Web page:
Word 2019 iconIf, like me, you habitually make the same typing errors over and again, then you can use Word’s AutoCorrect feature to solve the problem. For instance, whenever I type the word “insurance” it always comes out as “insurnace”. If I tell AutoCorrect about this, it does what it says on the tin and automatically corrects the error every time I make it.

Microsoft Word has a lot of auto-corrections pre-configured. For instance, if you type in “accomodate”, it will automatically correct it to “accommodate”. As well as these common typing and spelling errors, there are also a number of “corrections” already built into the feature that let you quickly type “special” things that don’t appear on the keyboard. For instance, typing (c) will automatically be “corrected” (changed) to the copyright symbol, typing (e) will automatically be changed to the euro symbol. There are even a few autocorrections that replace your typing with smiley faces.

As well as adding corrections for your own and other spelling and typing errors, the AutoCorrect feature can also be used to create your own typing shortcuts. Suppose that I often need to type “The Magnificent Widget and Doobry Manufacturing Company (South London) Limited”. All I need to do is to assign a special sequence of characters (that I wouldn’t normally type) to act as a trigger (eg “mwdm” – without the quotes) and, thereafter, every time I type that sequence of characters, the desired replacement will take place. Note that the replacement does not take place until you add a space after the trigger text.

The desired replacement text can be up to 255 characters long (including spaces and punctuation). You can’t include instructions for starting a new line or paragraph within the replacement text. This means, for instance, that you can’t use the AutoCorrect feature to add your address at the top of a letter. If you want that level of sophistication (or if you want the replacement text to be more than 255 characters long), then you need the “AutoText” feature in Word instead of AutoCorrect.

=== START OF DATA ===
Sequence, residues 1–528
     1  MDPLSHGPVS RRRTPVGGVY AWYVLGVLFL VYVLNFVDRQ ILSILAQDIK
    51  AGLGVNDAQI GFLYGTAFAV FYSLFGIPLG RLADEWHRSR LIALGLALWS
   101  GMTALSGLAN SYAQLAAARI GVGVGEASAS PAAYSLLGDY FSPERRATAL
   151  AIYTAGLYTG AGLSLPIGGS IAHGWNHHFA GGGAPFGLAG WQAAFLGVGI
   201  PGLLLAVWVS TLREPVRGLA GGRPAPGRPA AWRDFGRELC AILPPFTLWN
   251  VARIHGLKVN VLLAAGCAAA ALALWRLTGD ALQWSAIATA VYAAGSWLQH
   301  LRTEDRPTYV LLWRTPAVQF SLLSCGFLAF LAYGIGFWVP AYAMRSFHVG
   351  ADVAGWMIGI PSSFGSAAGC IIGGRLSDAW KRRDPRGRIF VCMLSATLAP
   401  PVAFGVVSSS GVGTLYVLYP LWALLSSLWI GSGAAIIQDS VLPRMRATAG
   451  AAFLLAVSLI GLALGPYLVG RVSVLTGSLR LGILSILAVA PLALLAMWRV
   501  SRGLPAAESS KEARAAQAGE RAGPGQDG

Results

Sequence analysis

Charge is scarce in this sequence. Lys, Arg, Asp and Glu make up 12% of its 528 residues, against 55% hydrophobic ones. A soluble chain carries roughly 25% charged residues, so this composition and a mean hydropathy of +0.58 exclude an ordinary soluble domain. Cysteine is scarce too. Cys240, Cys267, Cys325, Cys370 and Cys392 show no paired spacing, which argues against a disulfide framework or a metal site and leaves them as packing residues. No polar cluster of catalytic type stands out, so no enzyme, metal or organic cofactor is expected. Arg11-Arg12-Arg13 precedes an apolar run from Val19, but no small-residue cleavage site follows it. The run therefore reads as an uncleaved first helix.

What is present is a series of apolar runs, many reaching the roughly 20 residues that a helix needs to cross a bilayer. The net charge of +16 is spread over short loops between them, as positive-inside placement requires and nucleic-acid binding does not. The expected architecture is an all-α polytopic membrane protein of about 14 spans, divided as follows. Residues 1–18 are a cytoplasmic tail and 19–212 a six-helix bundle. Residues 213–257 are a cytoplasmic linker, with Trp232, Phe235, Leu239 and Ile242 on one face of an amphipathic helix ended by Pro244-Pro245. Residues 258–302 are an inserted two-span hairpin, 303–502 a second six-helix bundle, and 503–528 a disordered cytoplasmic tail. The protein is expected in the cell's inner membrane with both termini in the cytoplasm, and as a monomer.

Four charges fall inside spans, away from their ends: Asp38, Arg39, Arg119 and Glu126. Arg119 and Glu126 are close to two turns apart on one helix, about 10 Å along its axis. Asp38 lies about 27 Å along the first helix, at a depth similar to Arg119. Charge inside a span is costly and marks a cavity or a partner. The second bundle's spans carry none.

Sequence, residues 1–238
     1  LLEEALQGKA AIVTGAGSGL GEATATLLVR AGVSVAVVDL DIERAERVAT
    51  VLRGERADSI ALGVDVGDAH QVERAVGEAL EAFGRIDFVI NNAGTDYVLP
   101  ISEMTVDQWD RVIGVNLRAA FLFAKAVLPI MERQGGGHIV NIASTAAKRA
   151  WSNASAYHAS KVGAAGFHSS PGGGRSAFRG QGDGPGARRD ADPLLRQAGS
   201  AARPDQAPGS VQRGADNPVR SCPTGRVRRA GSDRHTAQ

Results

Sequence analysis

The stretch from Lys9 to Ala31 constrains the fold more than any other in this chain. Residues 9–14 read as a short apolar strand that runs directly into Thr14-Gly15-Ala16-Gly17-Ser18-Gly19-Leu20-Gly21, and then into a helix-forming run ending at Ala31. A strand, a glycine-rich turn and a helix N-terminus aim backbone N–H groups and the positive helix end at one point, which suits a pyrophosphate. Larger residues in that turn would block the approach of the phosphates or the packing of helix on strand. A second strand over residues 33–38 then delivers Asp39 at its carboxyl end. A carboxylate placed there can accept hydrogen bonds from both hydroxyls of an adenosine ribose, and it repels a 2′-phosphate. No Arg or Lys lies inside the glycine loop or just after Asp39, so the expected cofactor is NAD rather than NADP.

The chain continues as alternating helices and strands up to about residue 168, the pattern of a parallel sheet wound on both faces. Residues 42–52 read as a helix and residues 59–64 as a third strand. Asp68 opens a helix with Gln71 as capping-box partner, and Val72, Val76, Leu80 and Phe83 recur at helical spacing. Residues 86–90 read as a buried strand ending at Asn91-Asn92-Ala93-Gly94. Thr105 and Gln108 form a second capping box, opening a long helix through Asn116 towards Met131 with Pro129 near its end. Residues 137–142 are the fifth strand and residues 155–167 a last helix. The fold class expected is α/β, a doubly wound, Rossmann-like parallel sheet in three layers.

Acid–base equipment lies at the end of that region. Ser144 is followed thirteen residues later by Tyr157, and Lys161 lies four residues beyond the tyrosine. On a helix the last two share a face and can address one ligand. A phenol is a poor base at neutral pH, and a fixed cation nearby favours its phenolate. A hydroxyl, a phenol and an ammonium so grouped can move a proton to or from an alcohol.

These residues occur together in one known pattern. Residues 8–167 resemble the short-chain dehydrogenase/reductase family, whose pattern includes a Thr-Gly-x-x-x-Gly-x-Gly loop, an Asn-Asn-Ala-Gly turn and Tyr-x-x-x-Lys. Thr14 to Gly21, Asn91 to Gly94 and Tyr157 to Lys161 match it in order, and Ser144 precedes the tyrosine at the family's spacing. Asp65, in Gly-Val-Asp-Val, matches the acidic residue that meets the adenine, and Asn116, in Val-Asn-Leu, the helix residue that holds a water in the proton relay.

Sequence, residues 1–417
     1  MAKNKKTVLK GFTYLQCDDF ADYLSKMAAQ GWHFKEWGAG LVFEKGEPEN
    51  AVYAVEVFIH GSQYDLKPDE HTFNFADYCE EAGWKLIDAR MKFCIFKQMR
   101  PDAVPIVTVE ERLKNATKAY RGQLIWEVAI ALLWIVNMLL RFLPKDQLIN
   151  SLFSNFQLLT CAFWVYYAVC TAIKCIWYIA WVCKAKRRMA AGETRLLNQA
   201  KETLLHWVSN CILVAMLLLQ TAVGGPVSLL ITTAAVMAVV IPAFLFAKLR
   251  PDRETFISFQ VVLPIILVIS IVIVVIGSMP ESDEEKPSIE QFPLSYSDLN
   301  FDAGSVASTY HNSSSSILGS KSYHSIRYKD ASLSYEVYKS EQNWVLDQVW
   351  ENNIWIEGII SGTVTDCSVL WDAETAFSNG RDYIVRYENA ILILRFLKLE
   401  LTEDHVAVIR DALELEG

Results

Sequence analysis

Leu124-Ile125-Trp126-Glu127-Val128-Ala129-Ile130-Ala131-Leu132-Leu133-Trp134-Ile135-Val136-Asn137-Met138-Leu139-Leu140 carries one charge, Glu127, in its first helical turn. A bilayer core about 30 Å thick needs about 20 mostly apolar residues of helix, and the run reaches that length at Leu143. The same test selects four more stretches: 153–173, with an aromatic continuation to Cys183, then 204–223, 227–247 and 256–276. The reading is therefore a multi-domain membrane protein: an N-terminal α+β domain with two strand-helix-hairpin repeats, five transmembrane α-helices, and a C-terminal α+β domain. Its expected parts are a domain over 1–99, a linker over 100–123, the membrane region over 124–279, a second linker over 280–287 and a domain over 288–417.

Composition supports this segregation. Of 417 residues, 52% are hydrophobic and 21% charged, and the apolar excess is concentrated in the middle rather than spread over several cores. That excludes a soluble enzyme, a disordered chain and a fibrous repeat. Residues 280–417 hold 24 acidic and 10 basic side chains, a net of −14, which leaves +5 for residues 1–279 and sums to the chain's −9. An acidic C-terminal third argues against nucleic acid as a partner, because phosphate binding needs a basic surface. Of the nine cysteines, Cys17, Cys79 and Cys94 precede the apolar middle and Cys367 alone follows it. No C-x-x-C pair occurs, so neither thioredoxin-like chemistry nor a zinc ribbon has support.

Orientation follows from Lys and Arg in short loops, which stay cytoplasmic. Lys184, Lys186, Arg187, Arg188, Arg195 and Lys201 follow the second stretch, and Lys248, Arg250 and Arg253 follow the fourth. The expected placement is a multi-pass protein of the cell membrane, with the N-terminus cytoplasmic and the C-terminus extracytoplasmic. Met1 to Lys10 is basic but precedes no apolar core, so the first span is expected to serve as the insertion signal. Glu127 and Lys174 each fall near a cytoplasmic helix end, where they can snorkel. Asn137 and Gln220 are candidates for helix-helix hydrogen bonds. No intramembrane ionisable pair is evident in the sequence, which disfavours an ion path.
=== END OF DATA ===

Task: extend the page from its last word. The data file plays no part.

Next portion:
Autocorrect options

To access the AutoCorrect feature in Word:

  • Click on the File command
  • Click on “Options” (bottom of the list in the lefthand sidebar)
  • Click on “Proofing”
  • Click on the “AutoCorrect Options” button

IncorrectTo create you own AutoCorrect entry, just type the trigger text in the box beneath “Replace” and the replacement text in the box beneath “With”. Make sure that the “Replace text as you type” box is ticked. Don’t worry if your replacement text is not all visible in the box at the same time. It will still work as long as it is 255 characters or less.

You can scroll through the entire list of AutoCorrect entries. If there are any that you don’t want, just highlight them and click on “Delete”.

Click on “OK” when you have finished and test to see that the replacement works as desired.

Some people (myself included) might wish to have a list of items labelled (a), (b), (c), and so on. This could be a problem as (c) is used as trigger text for the copyright symbol. If you come up against this type of problem, you can temporarily turn off AutoCorrect by unchecking the box next to “replace text as you type”. Alternatively, you can delete the pre-configured option if you don’t think you need it.

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Computer Support in London